Class Is In Session: Da Bassment’s Crash Course On The Music Industry

Smokey: We always referred to that period of time as school. I’ll even go as far as saying as paying dues time. We learned so much—more than we actually did—and that prepped us, watching Jodeci and Devante just being around all of that talent. Missy, Tim, Magoo, Tweet, there was tons of talent that only the die hard Bassment fans know about that came out of Rochester, N.Y. It came to a point where Devante was working on The Show, The After-Party, The Hotel for most of that time and we never really had an opportunity to actually work with Devante on a record, maybe once or twice. In this big studio that we pretty much had to ourselves for a certain amount of years, there was what you called the pre-product room. Things that you want to lay down the groundwork for right now and it was wide open. I got in there and started messing with some knobs and started learning how to record, how to mix, how to produce, learning the actual keyboard and production equipment. That was the start for me, I pretty much knew how to prior to that when I was younger before I moved up there with them. I would get a dual cassette tape deck, record on one side, put that tape in the play back and record as if I’m copying it to another tape, but sing along to it at the same time and just keep switching as I stack stuff just to try to create stuff. I knew the method of that, but when it came to actually doing it on this real studio equipment and producing, that’s where I learned it all. Watching Devante, asking questions, being hands on... they say experience is the best teacher. That whole period of time was straight school. We wouldn’t be who we are today if it had not been for that period of time. I absolutely have no malice for that period of time.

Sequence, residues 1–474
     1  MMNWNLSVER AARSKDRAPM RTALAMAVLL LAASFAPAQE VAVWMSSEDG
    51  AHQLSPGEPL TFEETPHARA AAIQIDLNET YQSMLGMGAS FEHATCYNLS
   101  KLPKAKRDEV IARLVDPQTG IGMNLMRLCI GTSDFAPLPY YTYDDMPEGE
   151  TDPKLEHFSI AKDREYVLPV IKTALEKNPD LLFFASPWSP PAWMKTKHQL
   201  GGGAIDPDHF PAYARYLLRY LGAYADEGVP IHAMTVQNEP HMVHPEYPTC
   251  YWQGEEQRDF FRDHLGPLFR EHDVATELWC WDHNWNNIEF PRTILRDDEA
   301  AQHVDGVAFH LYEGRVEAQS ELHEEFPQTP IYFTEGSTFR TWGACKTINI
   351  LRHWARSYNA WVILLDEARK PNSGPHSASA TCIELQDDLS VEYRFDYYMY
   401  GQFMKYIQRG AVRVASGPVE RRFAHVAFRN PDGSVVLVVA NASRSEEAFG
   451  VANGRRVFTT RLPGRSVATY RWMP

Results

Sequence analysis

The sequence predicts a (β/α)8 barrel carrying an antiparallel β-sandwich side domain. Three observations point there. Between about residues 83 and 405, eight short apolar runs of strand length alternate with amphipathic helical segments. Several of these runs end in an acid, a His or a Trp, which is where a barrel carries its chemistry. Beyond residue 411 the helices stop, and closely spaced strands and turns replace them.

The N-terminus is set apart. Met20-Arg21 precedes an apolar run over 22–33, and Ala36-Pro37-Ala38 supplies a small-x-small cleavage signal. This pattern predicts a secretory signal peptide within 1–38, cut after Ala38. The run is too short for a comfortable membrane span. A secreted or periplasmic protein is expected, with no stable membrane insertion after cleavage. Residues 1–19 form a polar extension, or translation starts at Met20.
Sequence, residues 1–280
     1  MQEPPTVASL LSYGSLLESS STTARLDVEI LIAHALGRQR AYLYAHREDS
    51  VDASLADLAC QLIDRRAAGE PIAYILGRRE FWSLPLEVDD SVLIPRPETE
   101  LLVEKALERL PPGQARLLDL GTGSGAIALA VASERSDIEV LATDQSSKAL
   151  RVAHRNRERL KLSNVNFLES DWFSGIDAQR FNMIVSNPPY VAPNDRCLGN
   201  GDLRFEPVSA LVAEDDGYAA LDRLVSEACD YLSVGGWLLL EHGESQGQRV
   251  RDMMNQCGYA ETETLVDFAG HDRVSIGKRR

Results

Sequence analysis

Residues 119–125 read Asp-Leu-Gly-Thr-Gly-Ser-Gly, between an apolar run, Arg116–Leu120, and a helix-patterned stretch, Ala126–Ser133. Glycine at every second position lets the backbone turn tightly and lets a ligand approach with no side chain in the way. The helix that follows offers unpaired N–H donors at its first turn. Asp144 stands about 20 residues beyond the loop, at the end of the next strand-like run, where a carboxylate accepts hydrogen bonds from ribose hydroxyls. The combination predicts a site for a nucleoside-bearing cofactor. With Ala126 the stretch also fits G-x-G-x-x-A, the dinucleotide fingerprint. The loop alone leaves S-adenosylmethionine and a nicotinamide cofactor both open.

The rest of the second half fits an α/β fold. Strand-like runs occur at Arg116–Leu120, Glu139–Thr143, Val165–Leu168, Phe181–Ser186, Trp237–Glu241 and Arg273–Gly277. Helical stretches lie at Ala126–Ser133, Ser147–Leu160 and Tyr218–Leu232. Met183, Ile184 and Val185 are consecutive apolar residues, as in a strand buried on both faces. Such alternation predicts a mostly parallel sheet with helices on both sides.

Black: Rochester is similar to Kentucky, it’s just cold. It wasn’t moving as much as New York City, nowhere near. It still had a New York vibe, but demographic, size-wise it wasn’t. Louisville might be bigger than Rochester.

Smokey: I remember when we first got up there that morning—it was the first time I had ever been on a plane—and within 12 hours coming up there, Devante had just gotten robbed. I’ll never forget that. Moving up into that and saying, ‘It’s going down like that up here?’ I’m from the hood so it didn’t bother me, but at the same time, I am moving away at 17, 45 minutes fresh out of high school to New Jersey/New York, but I was the happiest person you could’ve ever met. Picture one of your biggest admirers and you get to actually work with them or they want to work with you and you move in with them. That sh** doesn’t happen everyday.